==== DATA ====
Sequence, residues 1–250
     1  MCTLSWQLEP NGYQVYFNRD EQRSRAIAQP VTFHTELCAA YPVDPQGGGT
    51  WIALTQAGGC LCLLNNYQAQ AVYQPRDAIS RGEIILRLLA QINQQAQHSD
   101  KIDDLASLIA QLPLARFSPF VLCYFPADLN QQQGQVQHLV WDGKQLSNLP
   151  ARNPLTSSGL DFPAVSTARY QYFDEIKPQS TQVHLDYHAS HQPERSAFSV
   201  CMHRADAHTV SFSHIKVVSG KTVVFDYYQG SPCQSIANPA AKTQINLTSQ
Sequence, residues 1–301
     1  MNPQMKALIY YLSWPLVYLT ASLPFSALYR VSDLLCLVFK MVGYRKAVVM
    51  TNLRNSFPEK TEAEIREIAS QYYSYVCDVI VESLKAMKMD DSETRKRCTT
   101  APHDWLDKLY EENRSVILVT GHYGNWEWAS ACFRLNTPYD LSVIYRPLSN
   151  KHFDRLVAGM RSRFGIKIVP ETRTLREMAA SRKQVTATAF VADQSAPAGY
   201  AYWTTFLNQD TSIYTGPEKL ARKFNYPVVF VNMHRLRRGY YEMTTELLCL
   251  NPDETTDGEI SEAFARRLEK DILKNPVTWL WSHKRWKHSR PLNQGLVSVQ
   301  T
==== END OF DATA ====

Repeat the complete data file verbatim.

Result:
Sequence, residues 1–250
     1  MCTLSWQLEP NGYQVYFNRD EQRSRAIAQP VTFHTELCAA YPVDPQGGGT
    51  WIALTQAGGC LCLLNNYQAQ AVYQPRDAIS RGEIILRLLA QINQQAQHSD
   101  KIDDLASLIA QLPLARFSPF VLCYFPADLN QQQGQVQHLV WDGKQLSNLP
   151  ARNPLTSSGL DFPAVSTARY QYFDEIKPQS TQVHLDYHAS HQPERSAFSV
   201  CMHRADAHTV SFSHIKVVSG KTVVFDYYQG SPCQSIANPA AKTQINLTSQ
Sequence, residues 1–301
     1  MNPQMKALIY YLSWPLVYLT ASLPFSALYR VSDLLCLVFK MVGYRKAVVM
    51  TNLRNSFPEK TEAEIREIAS QYYSYVCDVI VESLKAMKMD DSETRKRCTT
   101  APHDWLDKLY EENRSVILVT GHYGNWEWAS ACFRLNTPYD LSVIYRPLSN
   151  KHFDRLVAGM RSRFGIKIVP ETRTLREMAA SRKQVTATAF VADQSAPAGY
   201  AYWTTFLNQD TSIYTGPEKL ARKFNYPVVF VNMHRLRRGY YEMTTELLCL
   251  NPDETTDGEI SEAFARRLEK DILKNPVTWL WSHKRWKHSR PLNQGLVSVQ
   301  T